Dr Maryam Lustberg: So one thing I wanted to get all of your opinions on is that we know that this landscape of HER2+ metastatic treatment paradigms continues to change. I think we're all aware of the Cleopatra regimen that really put taxane plus dual HER2-targeting, like we've talked about, with trastuzumab as pertuzumab, as clearly the first-line standard of care. In this study it was docetaxel that was the taxane backbone, but there are multiple centers and there is now real-world data about using kind of more weekly paclitaxel-based regimen as well. So one thing I wanted to ask about is, for patients who maybe are a little more frail, are you using more the weekly taxane regimen or what are you doing in your practice in that regard?

Dr Ting Bao: We use more weekly paclitaxel yes, yeah.

Dr Maryam Lustberg: It's better tolerated has been my experience but more time intensive because obviously they have to come in.

Dr Ting Bao: Yeah. Sometime when people are diagnosed with metastatic breast cancer, they want to come in more frequently at the beginning, that is. Yeah. So, that's well accepted.

Dr Maryam Lustberg: Are you using more weekly?

Dr Giancarlo Moscol: No, I still use docetaxel, and I actually wanted to gather your opinion about the number of cycles because it's between 6 and 8. In my experience, if the patient manages to get to 6, I just recommend going to 8, especially if you're going to get a deeper response. Most of the times, you know, it's the neuropathy and the cytopenias that limit the take, but, I don't know. Have you already switched to full paclitaxel or you continue to use docetaxel?

Dr Maryam Lustberg: I tend to use a mix. So, for example, generally I was following essentially the published Cleopatra regimen and I had seen the smaller study out of Memorial Sloan Kettering from a few years back talking about the weekly paclitaxel. And it still, I felt, well, I have a stronger study with Cleopatra, let me just use docetaxel. But then just recently there was actually a very large real-world data series that again reconfirmed that the weekly regimen has similar efficacy. So I'm using it more for my older patients who tend to be a little more frail, and I do want to keep a closer eye on them with the weekly. In terms of the number of regimens in my practice, I typically, the median number of cycles that was within the Cleopatra regimen was 6. And I think that's, I tend to do 6 unless they are having trouble, in which case I either dose reduce or stop a little earlier. Do you, what was your approach?

Dr William Gradishar: So we tend to still use docetaxel, and there's a variety of different things that account for that, including the fact that, you know, patients coming downtown to pay $60 to park in the parking lot every week is not appealing to many people. But that said, I would take into account how well the patient is in general good shape, can they tolerate docetaxel. If not, then I feel perfectly comfortable with weekly paclitaxel. And to your point about the response, if somebody had fairly significant disease and at 3 cycles they had a pretty dramatic response and at 6 cycles the imaging showed that they continue to have that great response, I might push another couple cycles. But many patients, you start out saying, we're going to give you about 6 cycles and the chemo's going to go away. They're sort of looking forward to the chemo going away.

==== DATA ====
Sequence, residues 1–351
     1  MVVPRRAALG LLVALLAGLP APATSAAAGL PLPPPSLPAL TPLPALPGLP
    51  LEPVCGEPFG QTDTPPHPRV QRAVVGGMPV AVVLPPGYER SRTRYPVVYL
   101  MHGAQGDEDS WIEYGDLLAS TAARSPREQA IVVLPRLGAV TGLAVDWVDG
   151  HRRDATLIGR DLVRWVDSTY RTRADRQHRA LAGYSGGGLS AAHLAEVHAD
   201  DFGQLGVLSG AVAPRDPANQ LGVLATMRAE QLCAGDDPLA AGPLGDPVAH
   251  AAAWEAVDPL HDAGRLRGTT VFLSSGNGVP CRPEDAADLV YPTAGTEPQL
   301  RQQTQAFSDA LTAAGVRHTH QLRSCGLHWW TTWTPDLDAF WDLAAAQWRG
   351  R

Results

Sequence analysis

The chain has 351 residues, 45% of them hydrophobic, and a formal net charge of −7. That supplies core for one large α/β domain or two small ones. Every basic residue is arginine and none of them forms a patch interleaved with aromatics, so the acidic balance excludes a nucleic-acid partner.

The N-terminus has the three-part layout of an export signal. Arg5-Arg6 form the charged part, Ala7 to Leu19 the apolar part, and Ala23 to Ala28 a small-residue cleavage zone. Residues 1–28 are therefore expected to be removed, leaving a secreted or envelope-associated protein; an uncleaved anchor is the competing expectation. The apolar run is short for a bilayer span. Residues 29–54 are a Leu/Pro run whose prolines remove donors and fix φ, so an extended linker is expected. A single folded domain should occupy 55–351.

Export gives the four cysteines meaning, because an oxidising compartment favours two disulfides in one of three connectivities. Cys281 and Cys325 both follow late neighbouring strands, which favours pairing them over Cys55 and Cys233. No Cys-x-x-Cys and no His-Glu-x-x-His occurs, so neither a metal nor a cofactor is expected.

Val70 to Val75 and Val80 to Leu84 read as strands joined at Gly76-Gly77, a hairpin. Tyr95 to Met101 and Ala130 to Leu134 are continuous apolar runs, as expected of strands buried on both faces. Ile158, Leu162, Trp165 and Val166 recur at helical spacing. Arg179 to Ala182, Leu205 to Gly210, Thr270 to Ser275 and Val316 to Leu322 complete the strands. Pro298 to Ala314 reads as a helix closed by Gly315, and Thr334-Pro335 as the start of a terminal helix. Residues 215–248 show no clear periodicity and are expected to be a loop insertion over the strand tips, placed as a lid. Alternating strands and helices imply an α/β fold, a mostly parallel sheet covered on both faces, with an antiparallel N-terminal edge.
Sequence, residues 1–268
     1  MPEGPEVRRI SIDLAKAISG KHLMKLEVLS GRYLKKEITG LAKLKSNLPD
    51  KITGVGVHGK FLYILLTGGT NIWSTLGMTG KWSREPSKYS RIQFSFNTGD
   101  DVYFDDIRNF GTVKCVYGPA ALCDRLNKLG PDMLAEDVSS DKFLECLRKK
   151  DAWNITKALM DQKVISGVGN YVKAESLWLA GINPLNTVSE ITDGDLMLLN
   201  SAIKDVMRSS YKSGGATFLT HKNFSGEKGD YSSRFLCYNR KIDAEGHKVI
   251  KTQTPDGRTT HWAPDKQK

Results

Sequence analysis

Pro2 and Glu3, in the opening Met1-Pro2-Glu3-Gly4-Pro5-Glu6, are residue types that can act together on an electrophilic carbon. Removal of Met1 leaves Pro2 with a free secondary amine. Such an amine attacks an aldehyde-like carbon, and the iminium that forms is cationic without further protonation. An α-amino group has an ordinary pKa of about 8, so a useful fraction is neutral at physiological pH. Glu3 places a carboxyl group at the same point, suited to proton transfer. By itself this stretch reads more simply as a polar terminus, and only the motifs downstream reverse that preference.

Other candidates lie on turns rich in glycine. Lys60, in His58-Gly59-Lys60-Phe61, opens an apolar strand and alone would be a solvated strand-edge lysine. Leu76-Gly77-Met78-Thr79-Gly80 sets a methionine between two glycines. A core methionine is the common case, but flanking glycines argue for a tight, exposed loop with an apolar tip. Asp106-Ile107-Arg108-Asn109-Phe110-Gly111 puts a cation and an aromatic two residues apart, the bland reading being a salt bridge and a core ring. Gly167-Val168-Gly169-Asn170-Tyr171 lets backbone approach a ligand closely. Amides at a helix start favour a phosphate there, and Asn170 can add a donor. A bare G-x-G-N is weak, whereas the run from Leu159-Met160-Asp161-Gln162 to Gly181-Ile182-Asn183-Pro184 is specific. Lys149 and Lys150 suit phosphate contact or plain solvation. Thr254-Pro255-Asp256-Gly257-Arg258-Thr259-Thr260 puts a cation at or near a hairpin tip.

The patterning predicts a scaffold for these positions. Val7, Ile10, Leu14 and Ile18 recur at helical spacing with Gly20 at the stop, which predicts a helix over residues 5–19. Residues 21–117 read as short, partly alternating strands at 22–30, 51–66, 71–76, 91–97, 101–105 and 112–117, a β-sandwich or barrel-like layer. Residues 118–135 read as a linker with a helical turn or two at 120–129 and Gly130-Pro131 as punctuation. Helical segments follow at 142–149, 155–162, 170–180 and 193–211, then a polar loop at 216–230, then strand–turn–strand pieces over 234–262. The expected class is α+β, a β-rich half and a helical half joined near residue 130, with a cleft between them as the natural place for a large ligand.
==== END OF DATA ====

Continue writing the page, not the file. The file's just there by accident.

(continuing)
Dr Maryam Lustberg: So I think, you know, obviously we're all aware that additional agents are being tested in terms of this first-line setting, but right now this is our solid standard of care. So I think, kind of building on what you're saying, just how long to continue the dual HER2-targeting therapy, I tend to continue until progression, or if they're having cardiac issues that necessitate stopping. There is going to be a prospective study specifically looking at giving the patients the choice of whether to stop dual HER2-targeting therapy or continue. And so, I think patients can have very strong preferences in terms of whether to continue or not, but I think it is a data-free zone right now in terms of, generally, I think most of us are continuing. Are you?

Dr William Gradishar: Yeah, I think it's, you know, the ultimate question comes back to you usually— “What would you do, doc?” Or “What if…,” you know, that's the inevitable question that we encounter. And even if there's a study, they're going to still be asking that question, and we don't know the answer. There are some patients who, you know, they're 2, 3, whatever number of years out. And they ask how long we going to be doing this? And there are other patients who say, “I never want to stop.” It's just like the patients who are getting anti-hormone therapy, why are we stopping?

Dr Maryam Lustberg: Right, right. And I think this is where I think having the option for some breaks in therapy, even if it's a short time, if they want to take a vacation, you know, I tend to be obviously flexible about that. And I think, kind of shortening the amount of time that patients are spending in the facility getting dual, HER2-targeted therapy, I think, when kind of subcutaneous formulations of trastuzumab and pertuzumab can shorten the wait time. And so for patients who have been on therapy for a long time that that can be in good time saver for them.

Dr Ting Bao: So if you, they're on anti-HER2 agent for years, do you do echo like every few months or every year?

Dr Maryam Lustberg: I tend to do it a little less frequently if they've been stable for a long time, anywhere from 6 to 12 months.

Dr Ting Bao: That's what our institution has changed to, yeah.

Dr Giancarlo Moscol: Yeah. We do 6 months too, yeah.